Statistics that the General Committee of Prisons and Reeducation (CGPR) shared with Lawyers Without Borders show that 7,998 sentences were issued in cases relating to narcotics between 2017 and March 4, 2019.
The law’s amendment in 2017 allowed for sentences to be individualized according to the situation of the accused person. But « in reality, individualization of the sentence has contributed to reinforcing social inequalities by sanctioning violations differently according to the profile of the accused individual », Motta lamented.
Indeed, article 54 of the Code of Penal Procedures grants judges the option of launching an inquiry into the personality, socio-economic situation and psychological state of an accused individual in order to render a more adapted judgement.
« And yet these pre-sentence social investigations are almost never carried out in Tunisia. When they are, they are the initiative of the accused individual’s lawyer and take place in precarious financial conditions and in a very restricted period of time », reads a February 4 report put together by Lawyers Without Borders, the Tunisian Society of Addiction Studies (STADD), the Tunisian Association for the Defense of Individual Liberties (ADLI), and the association By Lehwem.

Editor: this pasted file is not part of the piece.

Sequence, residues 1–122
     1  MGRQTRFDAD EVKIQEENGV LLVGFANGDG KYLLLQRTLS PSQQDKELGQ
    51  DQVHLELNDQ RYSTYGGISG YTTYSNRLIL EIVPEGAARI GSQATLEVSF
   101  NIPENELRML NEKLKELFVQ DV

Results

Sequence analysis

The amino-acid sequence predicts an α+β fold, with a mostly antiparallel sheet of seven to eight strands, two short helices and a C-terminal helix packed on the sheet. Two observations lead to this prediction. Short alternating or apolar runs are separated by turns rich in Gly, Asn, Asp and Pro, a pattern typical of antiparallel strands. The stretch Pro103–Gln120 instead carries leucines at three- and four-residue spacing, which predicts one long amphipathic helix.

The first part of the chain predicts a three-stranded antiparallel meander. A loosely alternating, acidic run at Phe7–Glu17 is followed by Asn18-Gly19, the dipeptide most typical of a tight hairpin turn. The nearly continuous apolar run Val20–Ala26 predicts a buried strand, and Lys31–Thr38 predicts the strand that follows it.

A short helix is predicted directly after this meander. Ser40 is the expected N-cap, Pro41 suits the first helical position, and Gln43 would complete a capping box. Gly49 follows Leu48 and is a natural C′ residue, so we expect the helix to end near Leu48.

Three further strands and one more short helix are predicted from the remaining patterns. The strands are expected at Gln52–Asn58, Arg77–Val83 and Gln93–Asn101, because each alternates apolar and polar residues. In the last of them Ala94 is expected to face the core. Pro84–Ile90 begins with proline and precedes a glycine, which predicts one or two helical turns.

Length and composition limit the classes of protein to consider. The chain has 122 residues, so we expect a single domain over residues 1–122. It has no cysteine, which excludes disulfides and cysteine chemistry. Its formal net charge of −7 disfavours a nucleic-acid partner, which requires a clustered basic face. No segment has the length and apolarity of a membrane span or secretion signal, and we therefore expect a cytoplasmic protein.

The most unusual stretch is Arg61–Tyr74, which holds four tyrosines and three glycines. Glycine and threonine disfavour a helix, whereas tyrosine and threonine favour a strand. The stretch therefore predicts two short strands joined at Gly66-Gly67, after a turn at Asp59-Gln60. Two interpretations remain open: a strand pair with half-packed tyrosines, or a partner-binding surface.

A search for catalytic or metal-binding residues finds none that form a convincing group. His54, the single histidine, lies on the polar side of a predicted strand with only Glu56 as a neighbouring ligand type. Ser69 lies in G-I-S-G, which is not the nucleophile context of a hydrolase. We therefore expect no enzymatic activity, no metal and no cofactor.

According to the report, the profiles of accused individuals are relatively homogenous, with an average age of 26 years old. These individuals generally come from disadvantaged social-economic milieus. The targeting of accused individuals begins at the time of their arrest.
In nearly all of the cases observed, or 97.62% of the 168 cases, arrests take place following random and illegal searches carried out on public roads. This practice, which is associated with the profiling of youth from certain neighborhoods, is sometimes enough to justify presumption of guilt followed by incarceration,